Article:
Beijing to release PM2.5 data by Spring Festival
The public will be able to view Beijing air-quality monitoring data using the PM2.5 gauge for the first time, as authorities plan to release it before the Spring Festival holiday begins on Jan. 23, an official with Beijing's Municipal Environmental Protection Bureau said Thursday.
China National Environment Monitor Center (CNEMC) workers inspect PM2.5 - airborne pollutants smaller than 2.5 microns in diameter - monitoring equipment in Beijing on Jan 4, 2012. [CFP]
The much-discussed data, previously only available for laboratory use and not disclosed to the public, will be released every hour via the bureau's website and other media, said Zhao Yue, deputy director of the Beijing Municipal Environmental Monitoring Center.
Beijing's Municipal Environmental Protection Bureau is now working to increase its number of monitoring substations, as this will allow it to release real-time PM2.5 data by the end of 2012, said Zhao.
The Municipal Environmental Protection Bureau will gradually release the data after each monitoring substation is established, she added.
Beijing will also release hourly measurements of three other types of airborne matter (sulfur dioxide, nitrogen dioxide and inhaleable particles) instead of only the daily average.
The Ministry of Environmental Protection said it has been considering revising the present standards. A new index standard that includes PM2.5 and ozone density measurements is scheduled to be fully implemented nationwide in 2016, with pilot projects conducted in certain regions ahead of the national deadline.
Beijing's air quality has raised serious public concerns in recent years.
The PM2.5 data shows the results of tests for airborne particulate matter under 2.5 micrometers in size. It has never previously been made available to the public, with data released relating only to denser matter. PM2.5 is held to be a more accurate reflection of air quality than other standards of measurement.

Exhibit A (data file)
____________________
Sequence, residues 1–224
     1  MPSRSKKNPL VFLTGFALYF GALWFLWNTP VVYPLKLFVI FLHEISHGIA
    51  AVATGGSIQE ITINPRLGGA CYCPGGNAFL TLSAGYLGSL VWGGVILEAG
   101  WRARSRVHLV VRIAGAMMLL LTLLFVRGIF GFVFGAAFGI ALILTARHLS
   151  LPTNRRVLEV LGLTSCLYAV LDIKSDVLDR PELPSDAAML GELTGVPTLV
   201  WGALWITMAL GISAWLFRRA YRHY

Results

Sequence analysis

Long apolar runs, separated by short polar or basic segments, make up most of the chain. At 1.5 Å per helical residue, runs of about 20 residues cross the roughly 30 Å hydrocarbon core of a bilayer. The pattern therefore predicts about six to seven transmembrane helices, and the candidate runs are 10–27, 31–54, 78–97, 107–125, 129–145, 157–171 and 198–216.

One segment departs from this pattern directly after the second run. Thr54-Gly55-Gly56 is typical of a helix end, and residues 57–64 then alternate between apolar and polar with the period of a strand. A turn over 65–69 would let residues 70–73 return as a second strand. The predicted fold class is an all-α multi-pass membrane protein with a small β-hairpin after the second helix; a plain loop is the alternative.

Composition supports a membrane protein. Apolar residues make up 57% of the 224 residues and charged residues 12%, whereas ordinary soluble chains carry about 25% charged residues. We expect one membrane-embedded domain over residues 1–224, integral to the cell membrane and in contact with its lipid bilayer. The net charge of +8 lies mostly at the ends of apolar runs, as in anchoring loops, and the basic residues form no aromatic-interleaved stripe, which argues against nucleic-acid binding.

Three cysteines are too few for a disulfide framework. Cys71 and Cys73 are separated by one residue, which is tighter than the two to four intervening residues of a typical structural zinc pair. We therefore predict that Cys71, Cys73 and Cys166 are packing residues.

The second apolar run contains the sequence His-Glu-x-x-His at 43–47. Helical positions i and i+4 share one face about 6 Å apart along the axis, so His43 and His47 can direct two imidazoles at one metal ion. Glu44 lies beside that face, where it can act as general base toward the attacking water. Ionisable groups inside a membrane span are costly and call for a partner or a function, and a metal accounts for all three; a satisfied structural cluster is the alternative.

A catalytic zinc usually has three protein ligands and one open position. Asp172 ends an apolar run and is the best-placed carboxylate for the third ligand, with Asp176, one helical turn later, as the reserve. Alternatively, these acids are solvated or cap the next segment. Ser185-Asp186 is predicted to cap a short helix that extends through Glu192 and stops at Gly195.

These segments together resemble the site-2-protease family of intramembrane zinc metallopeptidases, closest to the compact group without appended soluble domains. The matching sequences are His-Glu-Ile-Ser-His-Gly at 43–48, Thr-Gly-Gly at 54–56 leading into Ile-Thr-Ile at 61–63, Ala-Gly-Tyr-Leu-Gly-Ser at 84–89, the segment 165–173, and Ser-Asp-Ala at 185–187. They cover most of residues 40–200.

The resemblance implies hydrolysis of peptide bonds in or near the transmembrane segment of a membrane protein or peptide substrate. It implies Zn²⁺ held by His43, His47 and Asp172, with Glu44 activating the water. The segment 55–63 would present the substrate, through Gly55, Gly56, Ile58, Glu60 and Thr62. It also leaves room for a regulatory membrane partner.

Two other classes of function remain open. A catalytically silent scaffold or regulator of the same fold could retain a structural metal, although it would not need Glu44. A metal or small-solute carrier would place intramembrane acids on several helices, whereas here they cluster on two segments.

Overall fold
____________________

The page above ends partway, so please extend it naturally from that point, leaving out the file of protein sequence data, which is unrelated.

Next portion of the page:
In 2006, the environmental monitoring center started taking PM2.5 measurements for use by scientists, and set up substations for PM2.5 monitoring after the 2008 Olympic Games, she said.
At present, there are only six substations in Beijing equipped to monitor PM2.5.
The public debate on PM2.5 and PM10 first began when it came to light that air-quality monitoring results released by Beijing's weather forecast station and the U.S. Embassy in Beijing often differed.
While the results from the embassy often described Beijing's air quality as "hazardous" or "dangerous," the Beijing weather forecast station would describe the pollution as "minor." Both sources defended their stances by saying that the difference resulted from using different measurement standards.
China currently uses PM10, or particular matter under 10 micrometers, to measure air quality.
The public has urged government authorities to apply the tighter PM2.5 standard, which measures finer matter that is considered more hazardous to people's health, as it can go deeper into the lungs.
"There is an apparent gap between official data and the citizens' feelings about air quality. There is an urgent need for a monitoring system that is closer to reality," said Li Yan, a PhD student of urban and environmental engineering in Beijing.
It is expected that the coming monitoring data including PM2.5 will be more transparent, he said.
Beijing will change the way it releases the figures to include measurements taken by substations scattered around the city, Zhao said.
According to current statistics, "blue sky days" in Beijing are expected to decrease in the near future, said Zhu Tong, a professor at the College of Environmental Sciences and Engineering under Peking University.
The Beijing Municipal Environmental Protection Bureau said the capital's air quality has actually been improving since 2008.
In 2011, Beijing enjoyed 286 days of "blue skies," or 78.4 percent of the year.
Beijing uses a five-level air quality classification system, with "grade I" representing the best quality and "grade V" representing the worst. Days with grade I or II air quality are considered "blue sky days."
Beijing will make efforts this year to improve air quality and reduce the PM2.5 level, said Liu Qi, secretary of the Beijing Municipal Committee of the Communist Party of China (CPC).